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UNC’s Federal Research Funding At Risk During Shutdown

By Ran Northam Posted October 4, 2013 at 7:33 am

CHAPEL HILL – UNC’s Executive Vice Chancellor and Provost, Jim Dean, was given the gift of a government shutdown no less than officially three months on the job, which he says has him concerned.

“The biggest area of concern is that we do a tremendous amount of research that’s funded by the federal government,” Dean says. “Our overall research funding in any given year is on the order of $800 million, and roughly 80 percent of that comes from the federal government.”

Tuesday, Dean sent out a letter to students, faculty, and staff saying that the University was well-prepared for a partial government shutdown and that a short-term shutdown would have a minimal impact on the U.S. higher education community.

He says a shutdown lasting a few days, while it would put unnecessary stress on the University in a time of state budget cuts and a slowly recovering economy, it wouldn’t be as harmful as one lasting weeks.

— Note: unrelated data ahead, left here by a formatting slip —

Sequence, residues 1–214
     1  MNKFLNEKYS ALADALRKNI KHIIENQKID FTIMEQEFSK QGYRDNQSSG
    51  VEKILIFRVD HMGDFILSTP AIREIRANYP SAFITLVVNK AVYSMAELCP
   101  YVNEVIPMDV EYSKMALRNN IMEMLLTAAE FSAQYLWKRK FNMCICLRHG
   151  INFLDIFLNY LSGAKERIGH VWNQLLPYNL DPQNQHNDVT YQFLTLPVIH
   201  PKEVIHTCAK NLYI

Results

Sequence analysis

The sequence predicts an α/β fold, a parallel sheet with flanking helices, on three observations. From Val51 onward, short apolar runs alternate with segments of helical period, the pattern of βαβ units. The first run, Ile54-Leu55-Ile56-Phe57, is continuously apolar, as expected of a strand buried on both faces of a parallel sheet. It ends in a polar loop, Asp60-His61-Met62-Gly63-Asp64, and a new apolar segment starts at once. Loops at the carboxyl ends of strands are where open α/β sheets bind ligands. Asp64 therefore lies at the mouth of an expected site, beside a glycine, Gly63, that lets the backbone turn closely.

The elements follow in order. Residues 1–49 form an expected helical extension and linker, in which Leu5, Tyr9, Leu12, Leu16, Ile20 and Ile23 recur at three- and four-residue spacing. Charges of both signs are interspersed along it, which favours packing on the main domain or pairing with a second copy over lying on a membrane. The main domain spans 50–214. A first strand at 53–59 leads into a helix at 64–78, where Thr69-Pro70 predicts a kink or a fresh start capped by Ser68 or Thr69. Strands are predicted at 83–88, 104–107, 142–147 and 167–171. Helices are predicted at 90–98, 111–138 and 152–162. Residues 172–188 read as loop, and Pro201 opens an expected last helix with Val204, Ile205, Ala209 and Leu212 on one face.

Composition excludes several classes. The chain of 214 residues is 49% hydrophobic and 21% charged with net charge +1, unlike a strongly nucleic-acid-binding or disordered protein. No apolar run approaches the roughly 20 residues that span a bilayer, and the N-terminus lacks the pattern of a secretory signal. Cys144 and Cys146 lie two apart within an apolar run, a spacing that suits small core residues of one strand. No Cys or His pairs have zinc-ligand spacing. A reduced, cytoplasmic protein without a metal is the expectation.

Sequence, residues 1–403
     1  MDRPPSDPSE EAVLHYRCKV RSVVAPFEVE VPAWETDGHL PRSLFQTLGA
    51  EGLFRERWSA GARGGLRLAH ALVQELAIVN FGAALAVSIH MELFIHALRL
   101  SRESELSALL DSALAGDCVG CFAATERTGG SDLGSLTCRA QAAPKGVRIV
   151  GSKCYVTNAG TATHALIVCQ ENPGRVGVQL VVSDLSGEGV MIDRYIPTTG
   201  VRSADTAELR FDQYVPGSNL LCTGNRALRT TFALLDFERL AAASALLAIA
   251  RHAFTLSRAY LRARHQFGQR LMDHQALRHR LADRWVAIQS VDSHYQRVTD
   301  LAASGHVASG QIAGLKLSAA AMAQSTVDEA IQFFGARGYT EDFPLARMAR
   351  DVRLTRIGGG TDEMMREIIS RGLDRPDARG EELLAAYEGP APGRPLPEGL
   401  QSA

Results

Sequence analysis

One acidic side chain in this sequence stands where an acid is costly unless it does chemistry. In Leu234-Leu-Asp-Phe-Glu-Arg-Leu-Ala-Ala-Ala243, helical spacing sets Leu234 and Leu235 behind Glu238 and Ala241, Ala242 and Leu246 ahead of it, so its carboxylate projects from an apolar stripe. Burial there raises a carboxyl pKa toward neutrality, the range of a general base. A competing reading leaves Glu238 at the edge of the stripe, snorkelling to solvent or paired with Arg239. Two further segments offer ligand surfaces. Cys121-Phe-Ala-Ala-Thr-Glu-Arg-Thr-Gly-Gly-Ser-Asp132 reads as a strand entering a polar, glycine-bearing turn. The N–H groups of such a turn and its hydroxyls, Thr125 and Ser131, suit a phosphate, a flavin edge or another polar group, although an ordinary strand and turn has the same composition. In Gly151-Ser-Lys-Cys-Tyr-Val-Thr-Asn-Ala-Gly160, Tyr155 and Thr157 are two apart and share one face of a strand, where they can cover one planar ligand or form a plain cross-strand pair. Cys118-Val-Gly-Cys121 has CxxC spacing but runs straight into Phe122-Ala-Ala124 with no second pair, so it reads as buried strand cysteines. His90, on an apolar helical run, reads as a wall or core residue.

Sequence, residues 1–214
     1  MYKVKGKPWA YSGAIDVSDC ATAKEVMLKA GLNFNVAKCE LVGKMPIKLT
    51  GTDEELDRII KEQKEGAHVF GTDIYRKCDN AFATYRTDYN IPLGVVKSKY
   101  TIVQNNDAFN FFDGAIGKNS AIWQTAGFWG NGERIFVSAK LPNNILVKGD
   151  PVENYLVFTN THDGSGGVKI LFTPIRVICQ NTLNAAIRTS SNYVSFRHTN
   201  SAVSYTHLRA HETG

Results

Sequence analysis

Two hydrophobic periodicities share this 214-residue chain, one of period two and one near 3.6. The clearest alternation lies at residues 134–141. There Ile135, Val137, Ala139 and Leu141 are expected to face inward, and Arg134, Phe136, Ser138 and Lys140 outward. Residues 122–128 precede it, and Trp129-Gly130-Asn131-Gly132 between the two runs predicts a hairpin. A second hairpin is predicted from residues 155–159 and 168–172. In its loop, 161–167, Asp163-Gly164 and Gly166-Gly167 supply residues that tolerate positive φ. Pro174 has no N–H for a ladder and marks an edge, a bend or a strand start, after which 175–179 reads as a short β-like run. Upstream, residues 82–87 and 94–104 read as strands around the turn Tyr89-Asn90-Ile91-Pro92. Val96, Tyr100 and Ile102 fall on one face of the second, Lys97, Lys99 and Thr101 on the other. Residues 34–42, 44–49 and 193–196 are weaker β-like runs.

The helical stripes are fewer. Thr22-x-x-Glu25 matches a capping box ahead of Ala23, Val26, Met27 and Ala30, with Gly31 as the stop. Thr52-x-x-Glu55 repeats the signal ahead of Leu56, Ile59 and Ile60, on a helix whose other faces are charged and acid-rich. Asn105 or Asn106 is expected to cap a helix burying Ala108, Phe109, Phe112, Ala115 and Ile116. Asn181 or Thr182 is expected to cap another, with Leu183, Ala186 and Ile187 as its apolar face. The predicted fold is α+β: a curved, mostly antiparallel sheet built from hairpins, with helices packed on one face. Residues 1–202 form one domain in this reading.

“If you start to talk about a month or longer, you get to sort of a different picture,” Dean says. “But, I do believe that if it goes on for a month or longer, you’ll be running stories on all sorts of problems, it won’t just be us.”

He says apart from the research grant money, the University has not really been affected in other areas. However, he said there have been a handful of employees that UNC was forced to furlough.

“There are a handful of cases where there’s some sort of direct federal funding and the federal government has instructed us to basically—it’s called a stop-work order—to stop working on something,” Dean says. “In those cases, we did have to have a few people laid off.”

Dean says due to personnel issues, he couldn’t divulge in what departments those employees worked.

He says another concern could be for the students receiving federal grant money.

“Of course, a very considerable amount of money—I couldn’t even tell you the total amount—of student aid comes from the federal government,” Dean says. “But, the best information we have right now is that there’s no danger having to do with that. So, that would be the other big one and so far so good.”

In 1995, the federal government performed a similar shutdown that took place in two separate time frames from November 14-19 and from December 16 to January 6, 1996.

Dean says a 28-day shutdown would mean many more problems with local and national implications than federal research funds and financial aid.

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